For a woman with a Name as evocative as Hellfire, the woman herself was pretty normal.
Hair colored the too-black that spoke of a dye job, a steel stud piercing the crease between her upper lip and cheek – a Monroe, Aiyana remembered vaguely – clothes that were trendy but covered more than current fashion normally called for. White, like the boards insisted, with gold-flecked brown eyes as the only truly striking part of her. She was on the attractive side of average, Aiyana supposed, but not anyone that turned heads on the street.
“I’m Hellfire,” the woman said, when it became apparent that Anna would not be introducing her to Aiyana.
“Aiyana,” Aiyana replied, shaking the proffered hand. She nearly started when she realized Hellfire didn’t run as hot as Predator or Flare; she’d honestly just assumed it was a Named thing.
Hellfire blinked in surprise. “That’s a pretty Name. What language is it in?”
Hearing the capitalization in her inflection, Aiyana shook her head. “My Name is Mirror, I just prefer my birth name.”
The other woman’s eyes flicked to Anna, and the two of them shared a moment of silent communication too fast for Aiyana to make out.
“Aiyana, then,” Hellfire said amiably, dropping Aiyana’s hand. “I ordered appetizers in advance, since this place takes forever.” She flashed a quick, almost-apologetic smile. “I hope you don’t have any common allergies Predator somehow forgot to tell me about.”
Anna scoffed, Aiyana reassured her that she wasn’t allergic to anything she knew about, and the three woman made their way to the table Hellfire had gotten for them.
After a few casual introductory questions from Hellfire – how had she met Predator, what was she studying and did she like it, the usual icebreakers – Aiyana let herself fade out of the conversation, watching the two of them interact.
With Flare, Anna challenged, poked at him, and he let it roll off of his back. She tried to push his buttons unsuccessfully, and he successfully pushed hers by not letting it get to him. With Hellfire, every time Anna flashed her teeth, Hellfire responded with something subtly cutting in return, only the light in her eyes letting on that what she’d said was a slight. Anna was the flash, the open threat, Hellfire the subtle danger, the power behind the scenes, only acquiring a warning tinge in Aiyana’s mind after she’d watched her for a while.
Just when it seemed like lunch was heading toward a wrap without any of the seriousness Anna had implied when she’s said Aiyana had to meet Hellfire, Anna stood, pushing in her chair.
“Call me when you’re done,” she said shortly. She bent over to press a lingering kiss to Aiyana’s lips, dazing her long enough that she could slip away without protest.
Aiyana blinked, trying to shrug it off, and turned to Hellfire.
“Not the subtlest, your girl,” Hellfire commented wryly. She tapped the menus she’d apparently snagged off of a waitress when Aiyana had been busy with Anna’s goodbye. “Dessert?”
The two of them ordered small desserts, and Hellfire fixed Aiyana with a steady gaze when the waitress left.
“Knowing Predator, she brought you in out of the dark as little as possible,” Hellfire started calmly, folding her hands in front of her, “and only brought you to see me because she couldn’t keep you out of the loop any longer.”
Aiyana frowned, torn between wanting to say yes, to get answers, but not wanting to slight her girlfriend.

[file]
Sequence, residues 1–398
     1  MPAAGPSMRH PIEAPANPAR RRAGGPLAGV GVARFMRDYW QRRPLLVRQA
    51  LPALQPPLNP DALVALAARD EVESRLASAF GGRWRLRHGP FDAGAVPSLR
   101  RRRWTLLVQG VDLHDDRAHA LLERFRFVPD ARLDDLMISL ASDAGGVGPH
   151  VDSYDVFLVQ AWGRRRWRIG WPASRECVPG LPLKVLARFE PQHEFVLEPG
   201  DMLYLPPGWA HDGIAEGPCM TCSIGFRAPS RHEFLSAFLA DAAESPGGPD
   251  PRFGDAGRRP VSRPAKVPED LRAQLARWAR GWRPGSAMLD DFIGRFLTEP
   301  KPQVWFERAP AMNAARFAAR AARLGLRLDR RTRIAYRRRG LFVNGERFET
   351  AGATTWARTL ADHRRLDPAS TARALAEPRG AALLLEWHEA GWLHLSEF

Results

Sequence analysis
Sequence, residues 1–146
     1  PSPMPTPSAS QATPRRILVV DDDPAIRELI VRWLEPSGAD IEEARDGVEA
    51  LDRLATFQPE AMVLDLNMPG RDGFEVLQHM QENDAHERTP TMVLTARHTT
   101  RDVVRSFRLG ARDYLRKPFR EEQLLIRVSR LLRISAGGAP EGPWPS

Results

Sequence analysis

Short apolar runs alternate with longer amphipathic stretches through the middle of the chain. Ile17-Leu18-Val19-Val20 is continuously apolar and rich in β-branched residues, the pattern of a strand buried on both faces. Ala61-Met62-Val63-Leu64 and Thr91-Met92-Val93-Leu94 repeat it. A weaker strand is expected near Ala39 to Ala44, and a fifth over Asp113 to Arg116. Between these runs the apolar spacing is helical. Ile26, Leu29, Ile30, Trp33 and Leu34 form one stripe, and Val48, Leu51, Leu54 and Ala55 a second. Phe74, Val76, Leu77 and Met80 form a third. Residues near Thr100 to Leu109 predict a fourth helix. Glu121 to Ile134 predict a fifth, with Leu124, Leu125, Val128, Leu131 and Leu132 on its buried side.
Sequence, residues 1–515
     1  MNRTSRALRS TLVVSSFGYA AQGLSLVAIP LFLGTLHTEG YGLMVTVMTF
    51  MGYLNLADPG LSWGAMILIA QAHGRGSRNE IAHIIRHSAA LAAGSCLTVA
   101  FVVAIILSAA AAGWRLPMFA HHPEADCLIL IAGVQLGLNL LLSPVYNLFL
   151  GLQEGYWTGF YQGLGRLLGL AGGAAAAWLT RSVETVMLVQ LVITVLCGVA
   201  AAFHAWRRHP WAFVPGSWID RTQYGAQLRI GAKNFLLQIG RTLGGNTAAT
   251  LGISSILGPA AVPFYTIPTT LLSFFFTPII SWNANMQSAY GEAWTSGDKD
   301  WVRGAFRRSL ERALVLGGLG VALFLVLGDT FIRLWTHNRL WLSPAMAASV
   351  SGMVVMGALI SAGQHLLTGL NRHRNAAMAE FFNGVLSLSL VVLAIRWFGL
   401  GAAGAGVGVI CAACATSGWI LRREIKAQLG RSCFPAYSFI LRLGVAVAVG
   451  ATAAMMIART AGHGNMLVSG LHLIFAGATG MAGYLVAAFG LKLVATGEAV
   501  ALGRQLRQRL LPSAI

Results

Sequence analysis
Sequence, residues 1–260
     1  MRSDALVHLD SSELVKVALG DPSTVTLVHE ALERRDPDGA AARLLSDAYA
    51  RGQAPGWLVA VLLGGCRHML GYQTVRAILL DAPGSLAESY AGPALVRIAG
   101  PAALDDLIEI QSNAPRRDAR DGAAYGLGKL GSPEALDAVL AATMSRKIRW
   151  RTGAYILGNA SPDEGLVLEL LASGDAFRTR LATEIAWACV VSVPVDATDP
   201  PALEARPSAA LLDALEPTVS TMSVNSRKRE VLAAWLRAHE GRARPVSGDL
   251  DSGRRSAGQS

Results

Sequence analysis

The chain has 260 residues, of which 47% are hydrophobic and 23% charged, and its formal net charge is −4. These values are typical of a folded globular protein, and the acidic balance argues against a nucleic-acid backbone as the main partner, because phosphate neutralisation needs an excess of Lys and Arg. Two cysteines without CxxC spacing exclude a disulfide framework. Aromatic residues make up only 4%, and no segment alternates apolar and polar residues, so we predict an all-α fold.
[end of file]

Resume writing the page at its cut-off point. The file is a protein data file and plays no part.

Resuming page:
Hellfire waved a hand. “It’s fine, you don’t have to say anything. It doesn’t really matter how it happened, she asked me to be your guide, so I will. I’m guessing she hasn’t told you what a guide is, or what they do?”
At that, Aiyana shook her head.
“I teach you what the Named are about, what the new world is, and generally serve as a mentor while you’re getting used to our world.” A flashed smile, brighter than Aiyana thought she was capable of. “You can ask me anything, and I’ll either answer or explain why I can’t.”
“So, since I can ask you anything…” Aiyana trailed off, then resumed when Hellfire nodded encouragingly, “what can you do?”
“You’ve met Flare, seen his stuff?”
“I can do everything he can, but better.” Hellfire paused for a second. “Well, not the emotional part.”
“Emotional part?” Aiyana pursed her lips, not liking the sound of that in the slightest.
“You should ask him for details, but the simple answer is that he can cause brief, intense flashes of emotion.” Hellfire waved a hand. “They don’t last long, but they don’t need to.”
“When you say everything he can, but better-”
“Everything.” Hellfire said firmly. She gave Aiyana a half-smile when she saw the almost-affronted look on her face. “It doesn’t sound fair, I know, but real life isn’t like the comics, where almost nobody has directly overlapping powers.”
“You read comics?” Aiyana asked, blinking.
“If you’re smart, you will too,” Hellfire advised. “Chances are, someone in a comic somewhere can do something like what you can, and they’ll have thought of different uses for it than you have.” Anticipating Aiyana’s question, she continued, “I’ve picked up a few tricks myself.”
“I wouldn’t have thought hellfire would be a common power.”
“It’s really common among villains, actually, and even a few of the minor heroes have it. They don’t really channel it the way I do – unless you take a look at an actual devil from hell – but they put it to creative uses.” A small, not-very-nice smile crossed Hellfire’s face for a few seconds. “I can’t really show you here, and I try not to call on it unless it’s necessary, anyway.”
“Have you seen anyone blink themselves through mirrors?” Aiyana asked wryly.
“No, but there are a lot of shapeshifters.” Hellfire flashed another half-smile at Aiyana’s surprise. “Predator told me what she could about what you can do, hon.”
“Alright,” Aiyana leaned back in her chair, “so tell me about these shapeshifters.”
“First and best is Mystique….”